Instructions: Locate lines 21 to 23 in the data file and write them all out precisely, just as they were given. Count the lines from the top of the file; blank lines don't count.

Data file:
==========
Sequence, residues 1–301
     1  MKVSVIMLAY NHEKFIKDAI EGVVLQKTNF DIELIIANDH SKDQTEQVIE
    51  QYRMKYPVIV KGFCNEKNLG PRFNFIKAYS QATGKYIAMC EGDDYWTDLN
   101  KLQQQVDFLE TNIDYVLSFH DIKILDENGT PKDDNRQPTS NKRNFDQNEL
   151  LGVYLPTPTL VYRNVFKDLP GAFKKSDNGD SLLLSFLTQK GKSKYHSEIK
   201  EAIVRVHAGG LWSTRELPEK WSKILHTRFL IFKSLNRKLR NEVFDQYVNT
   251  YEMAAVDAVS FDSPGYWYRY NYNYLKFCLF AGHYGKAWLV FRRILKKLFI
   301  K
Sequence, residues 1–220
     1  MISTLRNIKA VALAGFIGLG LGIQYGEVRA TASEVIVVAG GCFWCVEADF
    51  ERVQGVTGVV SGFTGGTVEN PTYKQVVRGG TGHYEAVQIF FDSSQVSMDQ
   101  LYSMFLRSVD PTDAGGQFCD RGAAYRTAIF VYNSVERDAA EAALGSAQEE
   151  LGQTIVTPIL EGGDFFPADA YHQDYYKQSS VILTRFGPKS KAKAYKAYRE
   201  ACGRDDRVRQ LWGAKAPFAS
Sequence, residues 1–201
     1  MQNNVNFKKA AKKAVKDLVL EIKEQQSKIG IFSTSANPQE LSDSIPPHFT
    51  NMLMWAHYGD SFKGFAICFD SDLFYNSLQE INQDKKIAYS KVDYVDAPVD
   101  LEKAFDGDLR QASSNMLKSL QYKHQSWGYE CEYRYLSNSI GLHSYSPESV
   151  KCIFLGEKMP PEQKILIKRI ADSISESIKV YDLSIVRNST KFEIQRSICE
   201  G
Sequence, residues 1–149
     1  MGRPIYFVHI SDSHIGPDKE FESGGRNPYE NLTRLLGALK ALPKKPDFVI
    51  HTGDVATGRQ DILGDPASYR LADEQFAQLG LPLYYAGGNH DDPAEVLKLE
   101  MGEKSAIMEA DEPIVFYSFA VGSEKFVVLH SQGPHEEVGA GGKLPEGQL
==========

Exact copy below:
Sequence, residues 1–149
     1  MGRPIYFVHI SDSHIGPDKE FESGGRNPYE NLTRLLGALK ALPKKPDFVI
    51  HTGDVATGRQ DILGDPASYR LADEQFAQLG LPLYYAGGNH DDPAEVLKLE